Place

Swamp Canyon

Forested canyon with tall bright orange limestone cliffs towering above
Swamp Canyon marks a transition from hoodoo-filled amphitheaters to more forested backcountry

NPS Photo / Peter Densmore

Quick Facts

Wheelchair Accessible

Swamp Canyon begins a transition from the hoodoo-filled Bryce Amphitheater to the steep cliffs and buttes that characterize the scenic drive and southern end of the park. Many people assume that Swamp Canyon must be a misnomer. Although it might be the last place on Earth you would expect to find an alligator, compared to the rest of the park it is a virtual wetland. Here, below the rim, two tiny creeks and a spring provide enough water to sustain more lush vegetation like grasses and willows. This canyon remains wet enough year-around that it is also home to tiger salamanders and wild iris. Bird watchers enjoy hiking the Swamp Canyon Loop Trail as it traverses four distinctly different habitats offering the chance to see a wide diversity of songbirds.

Trails

The moderately strenuous 4.0 mi/6.4 km Swamp Canyon Loop begins at the north end of the parking lot. The trail descends 647 ft/198 m to the canyon floor on a 3 - 4 hour hike. The Swamp Canyon Loop also provides access to the 23 mi/37 km Under-the-Rim Trail. See nearby Swamp Canyon Loop Trailhead for more information.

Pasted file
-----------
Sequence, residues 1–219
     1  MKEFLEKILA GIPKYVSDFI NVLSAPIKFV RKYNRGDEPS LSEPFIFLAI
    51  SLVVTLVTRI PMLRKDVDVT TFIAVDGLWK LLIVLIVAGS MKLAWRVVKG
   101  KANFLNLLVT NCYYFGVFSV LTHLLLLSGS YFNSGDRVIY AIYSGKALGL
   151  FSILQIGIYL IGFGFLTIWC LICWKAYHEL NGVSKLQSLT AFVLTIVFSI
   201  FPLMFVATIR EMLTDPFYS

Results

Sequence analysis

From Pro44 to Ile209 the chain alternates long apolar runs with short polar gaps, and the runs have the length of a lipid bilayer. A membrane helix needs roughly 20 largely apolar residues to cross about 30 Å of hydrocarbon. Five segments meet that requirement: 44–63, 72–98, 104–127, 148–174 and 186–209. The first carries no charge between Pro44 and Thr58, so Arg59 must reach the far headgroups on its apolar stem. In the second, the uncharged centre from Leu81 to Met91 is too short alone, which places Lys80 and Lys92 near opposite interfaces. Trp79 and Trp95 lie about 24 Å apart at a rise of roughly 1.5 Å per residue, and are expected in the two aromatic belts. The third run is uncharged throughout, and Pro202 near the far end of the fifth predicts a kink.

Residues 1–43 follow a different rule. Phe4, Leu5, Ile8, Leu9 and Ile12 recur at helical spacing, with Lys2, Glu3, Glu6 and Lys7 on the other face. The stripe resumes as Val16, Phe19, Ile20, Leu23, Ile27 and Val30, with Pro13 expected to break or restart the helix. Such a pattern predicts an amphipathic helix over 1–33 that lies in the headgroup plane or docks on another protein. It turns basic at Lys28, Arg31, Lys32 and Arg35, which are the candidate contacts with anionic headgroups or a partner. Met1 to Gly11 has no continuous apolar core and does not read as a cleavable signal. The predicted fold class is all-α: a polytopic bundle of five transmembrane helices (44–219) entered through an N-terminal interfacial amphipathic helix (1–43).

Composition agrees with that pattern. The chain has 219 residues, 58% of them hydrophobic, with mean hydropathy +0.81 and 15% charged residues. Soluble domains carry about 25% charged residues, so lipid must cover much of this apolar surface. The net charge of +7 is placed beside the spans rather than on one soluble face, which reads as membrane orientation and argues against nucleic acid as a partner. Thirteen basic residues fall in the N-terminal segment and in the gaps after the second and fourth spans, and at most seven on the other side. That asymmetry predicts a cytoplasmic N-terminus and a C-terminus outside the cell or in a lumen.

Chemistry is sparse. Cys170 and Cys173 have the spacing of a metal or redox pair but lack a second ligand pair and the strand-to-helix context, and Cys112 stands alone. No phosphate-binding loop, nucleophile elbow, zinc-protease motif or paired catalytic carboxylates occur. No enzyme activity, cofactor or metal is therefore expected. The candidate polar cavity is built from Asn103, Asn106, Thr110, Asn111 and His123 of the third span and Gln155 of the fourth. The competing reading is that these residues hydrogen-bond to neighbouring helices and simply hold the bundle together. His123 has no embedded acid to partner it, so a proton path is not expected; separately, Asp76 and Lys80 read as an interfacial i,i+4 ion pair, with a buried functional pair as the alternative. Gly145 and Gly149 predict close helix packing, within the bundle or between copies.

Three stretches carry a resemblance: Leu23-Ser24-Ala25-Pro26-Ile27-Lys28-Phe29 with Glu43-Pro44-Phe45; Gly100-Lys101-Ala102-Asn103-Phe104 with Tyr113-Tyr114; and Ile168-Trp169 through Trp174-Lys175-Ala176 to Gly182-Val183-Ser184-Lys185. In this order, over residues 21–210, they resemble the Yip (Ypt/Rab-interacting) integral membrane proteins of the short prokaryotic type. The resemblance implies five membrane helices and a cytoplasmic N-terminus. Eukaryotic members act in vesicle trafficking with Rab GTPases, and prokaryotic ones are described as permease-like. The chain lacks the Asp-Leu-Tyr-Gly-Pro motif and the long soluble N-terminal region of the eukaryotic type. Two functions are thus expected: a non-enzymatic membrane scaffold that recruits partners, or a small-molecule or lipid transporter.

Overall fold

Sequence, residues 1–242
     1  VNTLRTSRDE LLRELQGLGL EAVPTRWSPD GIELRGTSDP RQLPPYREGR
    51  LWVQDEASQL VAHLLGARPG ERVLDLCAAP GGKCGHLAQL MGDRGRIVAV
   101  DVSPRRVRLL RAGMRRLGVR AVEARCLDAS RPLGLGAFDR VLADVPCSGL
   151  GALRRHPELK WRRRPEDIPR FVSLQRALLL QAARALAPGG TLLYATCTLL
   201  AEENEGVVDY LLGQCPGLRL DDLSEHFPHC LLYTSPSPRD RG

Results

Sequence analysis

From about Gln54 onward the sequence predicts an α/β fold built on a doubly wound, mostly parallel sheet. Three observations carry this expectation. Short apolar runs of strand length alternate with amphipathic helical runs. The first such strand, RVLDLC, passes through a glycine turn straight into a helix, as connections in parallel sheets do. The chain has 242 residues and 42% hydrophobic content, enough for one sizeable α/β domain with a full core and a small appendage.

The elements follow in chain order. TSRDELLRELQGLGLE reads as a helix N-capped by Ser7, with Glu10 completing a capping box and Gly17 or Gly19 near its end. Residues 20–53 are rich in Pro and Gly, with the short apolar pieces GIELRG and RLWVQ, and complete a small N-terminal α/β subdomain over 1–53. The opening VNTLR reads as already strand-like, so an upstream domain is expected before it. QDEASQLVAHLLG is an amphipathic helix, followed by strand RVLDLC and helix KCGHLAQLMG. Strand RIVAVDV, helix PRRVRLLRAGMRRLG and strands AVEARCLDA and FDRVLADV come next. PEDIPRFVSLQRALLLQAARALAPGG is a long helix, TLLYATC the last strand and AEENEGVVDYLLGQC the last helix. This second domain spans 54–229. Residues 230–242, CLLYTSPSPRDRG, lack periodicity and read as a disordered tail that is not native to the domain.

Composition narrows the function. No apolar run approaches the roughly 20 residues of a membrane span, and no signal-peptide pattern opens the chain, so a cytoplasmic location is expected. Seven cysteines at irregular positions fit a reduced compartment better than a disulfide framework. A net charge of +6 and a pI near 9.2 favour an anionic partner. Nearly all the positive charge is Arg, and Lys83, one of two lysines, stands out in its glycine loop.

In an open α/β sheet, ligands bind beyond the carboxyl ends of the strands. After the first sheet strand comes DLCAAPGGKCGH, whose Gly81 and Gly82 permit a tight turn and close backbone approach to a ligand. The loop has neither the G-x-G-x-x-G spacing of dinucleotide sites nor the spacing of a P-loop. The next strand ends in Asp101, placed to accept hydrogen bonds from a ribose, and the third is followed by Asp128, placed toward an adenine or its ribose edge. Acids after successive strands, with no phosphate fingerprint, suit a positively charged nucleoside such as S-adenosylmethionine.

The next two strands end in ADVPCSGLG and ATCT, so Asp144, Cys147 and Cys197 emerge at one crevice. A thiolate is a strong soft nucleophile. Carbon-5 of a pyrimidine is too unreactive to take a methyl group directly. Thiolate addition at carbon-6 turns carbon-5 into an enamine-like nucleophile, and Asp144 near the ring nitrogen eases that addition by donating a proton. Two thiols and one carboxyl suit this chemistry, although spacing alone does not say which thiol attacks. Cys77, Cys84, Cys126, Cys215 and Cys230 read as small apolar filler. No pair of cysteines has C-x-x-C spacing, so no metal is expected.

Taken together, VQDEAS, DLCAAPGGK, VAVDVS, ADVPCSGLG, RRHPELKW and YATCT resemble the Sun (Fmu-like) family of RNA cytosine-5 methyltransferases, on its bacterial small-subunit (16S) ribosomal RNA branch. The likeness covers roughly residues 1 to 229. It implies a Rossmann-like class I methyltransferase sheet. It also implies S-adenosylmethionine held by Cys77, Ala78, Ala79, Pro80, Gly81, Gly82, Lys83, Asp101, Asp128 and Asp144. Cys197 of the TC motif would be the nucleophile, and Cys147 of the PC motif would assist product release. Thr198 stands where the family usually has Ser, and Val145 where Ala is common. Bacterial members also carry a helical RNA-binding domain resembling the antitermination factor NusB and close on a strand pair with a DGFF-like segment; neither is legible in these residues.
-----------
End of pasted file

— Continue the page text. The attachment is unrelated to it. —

Landscape Features

To the Southeast

Mud and Noon Canyon Buttes can be seen. Buttes are halfway along the erosional continuum between plateau and pinnacle. Plateaus are large regions of uplifted land. Mesas are isolated portions of plateaus that, although much smaller than plateaus, are still wider than they are tall. As mesas erode they give birth to buttes, which are square shaped, being approximately the same width as they are tall. As buttes erode still further they spawn spires of rocks.
At Bryce, our spires, known as hoodoos, are of a very special variety. The classic way a hoodoo forms begins with a narrow fin of rock that eventually develops holes or windows through the forces of frost wedging. As the windows grow they become arches. Eventually arches become too large to support their roofs. The inevitable collapse of a window leaves behind two broken legs of the arch. At Bryce we call broken arches hoodoos.